Intel’s Maria Butler discusses the challenge of letting go of a project that has been stopped and shares her advice for those starting out on their tech career journey.
Maria Butler is a cloud software engineering manager at Intel. She has a degree in computer engineering from University of Limerick and a master’s degree in computing from the Open University.
She told SiliconRepublic.com that she loved maths, physics and chemistry in school, so when it came to choosing a university course, she knew she wanted to follow an engineering path.
“We were lucky to have an opportunity in school to do some programming and I had a curiosity in understanding how things work so I decided to study electronic/computer engineering,” she said. “In university, I loved the software components of the course and that led me to a career in software engineering.”
Over the course of her career, Butler has worked in various industries such as utilities, telecoms and finance in a wide range of technical roles.
“I love a technical challenge, enjoy learning and I like working with people. Working as a software engineering manager in Intel gives me these opportunities as I lead a team to deliver software to solve many different networking challenges.”
‘The biggest challenge for me has been when projects that I have been working on were stopped’
– MARIA BUTLER
What were the biggest surprises or challenges you encountered on your career path?
Probably the biggest surprise for me has been how much opportunity there is to shape your own career path.
There are so many options for software engineers to follow, to become technical experts, architects, project managers, product managers or engineering managers. I have been lucky to work in a number of different roles during my career, each challenging me in different ways and all very rewarding.
The biggest challenge for me has been when projects that I have been working on were stopped. Not all projects succeed, there can be many reasons for not making it to market or for discontinuing a project.
It can be very disappointing when you have invested a lot of time and effort in trying to make a project successful. However, I have learned that when this happens, a new challenge and opportunity is always just around the corner.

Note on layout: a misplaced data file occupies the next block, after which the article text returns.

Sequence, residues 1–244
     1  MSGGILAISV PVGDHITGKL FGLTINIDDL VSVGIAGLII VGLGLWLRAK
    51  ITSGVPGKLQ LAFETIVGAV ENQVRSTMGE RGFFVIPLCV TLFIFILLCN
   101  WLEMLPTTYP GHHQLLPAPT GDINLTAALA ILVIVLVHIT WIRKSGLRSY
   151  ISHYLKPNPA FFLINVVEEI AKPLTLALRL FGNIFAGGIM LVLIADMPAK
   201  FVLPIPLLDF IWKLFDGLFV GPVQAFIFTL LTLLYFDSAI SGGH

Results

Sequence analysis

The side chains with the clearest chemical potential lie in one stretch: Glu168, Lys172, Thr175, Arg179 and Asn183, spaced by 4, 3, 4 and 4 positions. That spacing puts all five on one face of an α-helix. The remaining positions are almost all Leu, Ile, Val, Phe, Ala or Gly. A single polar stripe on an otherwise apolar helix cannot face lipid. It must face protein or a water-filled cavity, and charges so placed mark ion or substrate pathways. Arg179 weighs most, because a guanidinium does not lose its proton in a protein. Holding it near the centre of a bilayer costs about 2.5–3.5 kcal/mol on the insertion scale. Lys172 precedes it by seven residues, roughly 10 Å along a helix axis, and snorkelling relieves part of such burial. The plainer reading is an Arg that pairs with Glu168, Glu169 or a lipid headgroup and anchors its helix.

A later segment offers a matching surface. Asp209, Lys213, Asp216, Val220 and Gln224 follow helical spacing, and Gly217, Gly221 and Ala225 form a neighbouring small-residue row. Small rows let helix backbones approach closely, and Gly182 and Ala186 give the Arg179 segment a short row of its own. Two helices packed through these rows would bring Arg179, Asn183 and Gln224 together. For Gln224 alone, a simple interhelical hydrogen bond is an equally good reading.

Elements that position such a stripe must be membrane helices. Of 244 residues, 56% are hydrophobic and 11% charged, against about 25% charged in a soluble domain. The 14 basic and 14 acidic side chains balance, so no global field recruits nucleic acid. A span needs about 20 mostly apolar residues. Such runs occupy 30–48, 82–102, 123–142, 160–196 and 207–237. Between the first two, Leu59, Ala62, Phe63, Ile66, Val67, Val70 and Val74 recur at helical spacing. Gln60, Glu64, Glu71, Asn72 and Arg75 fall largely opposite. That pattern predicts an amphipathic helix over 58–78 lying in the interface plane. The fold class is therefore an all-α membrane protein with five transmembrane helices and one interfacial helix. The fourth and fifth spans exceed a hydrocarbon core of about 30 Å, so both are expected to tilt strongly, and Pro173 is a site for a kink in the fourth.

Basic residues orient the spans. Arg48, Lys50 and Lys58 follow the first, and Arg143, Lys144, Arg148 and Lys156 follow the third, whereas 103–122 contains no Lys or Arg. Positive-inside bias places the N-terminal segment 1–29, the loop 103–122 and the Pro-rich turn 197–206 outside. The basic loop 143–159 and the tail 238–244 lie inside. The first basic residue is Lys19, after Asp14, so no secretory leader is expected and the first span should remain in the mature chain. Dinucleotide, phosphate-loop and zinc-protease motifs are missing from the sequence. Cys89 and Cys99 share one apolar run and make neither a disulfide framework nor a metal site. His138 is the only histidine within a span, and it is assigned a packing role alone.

Was there any one person who was particularly influential as your career developed?
I would say my managers have influenced me the most. I have been lucky to work with a lot of very talented managers that have supported and encouraged me throughout my career.
They gave me opportunities to gain a wide variety of technical experience and to grow my leadership and coaching skills. Seeing them in action has led me to want to do the same and to lead and coach others.
What do you enjoy about your job?
I love working with people. In my role as a software engineering manager, I lead a team of software engineers and have the privilege of mentoring and coaching them.
It is very rewarding to be able to support the development of engineers. I also get to work with multiple other teams and interact with people with a wide variety of roles.
I love continually learning and my job gives me the opportunity to ramp up on many new technologies and to keep improving my leadership and coaching skills. Every day brings new challenges and variety.
What aspects of your personality do you feel make you suited to this job?
I like working with people, I get on well with others and I care about people. I want my team to achieve results and at the same time ensure that each engineer reaches their full potential and has career progression.
I am curious by nature, I like figuring out how things work, why things happen, how things can be improved, and this gives me the analytical skills needed to understand issues and come up with proposed solutions.
I am very organised and this is a key skill when working in a fast-paced environment with multiple projects being executed in parallel.
How did Intel support you on your career path?
I joined Intel a little over a year ago as a cloud software engineering manager. I have found Intel very supportive for engineering managers. There are a lot of resources available to us such as tools, training and mentoring.
Intel is great for encouraging continual improvement and there is a lot of support and opportunity for career development.
What advice would you give to those considering a career in software engineering?
Be sure to ask for help or advice, be it for technical issues or career options. Listen to all the advice you get. I have found all my peers and managers to be very supportive.
Try to network, talk to others in roles you are interested in or working with technologies you are curious about.
Be curious and keep learning, don’t get bored in a role, keep looking for new challenges.
10 things you need to know direct to your inbox every weekday. Sign up for the Daily Brief, Silicon Republic’s digest of essential sci-tech news.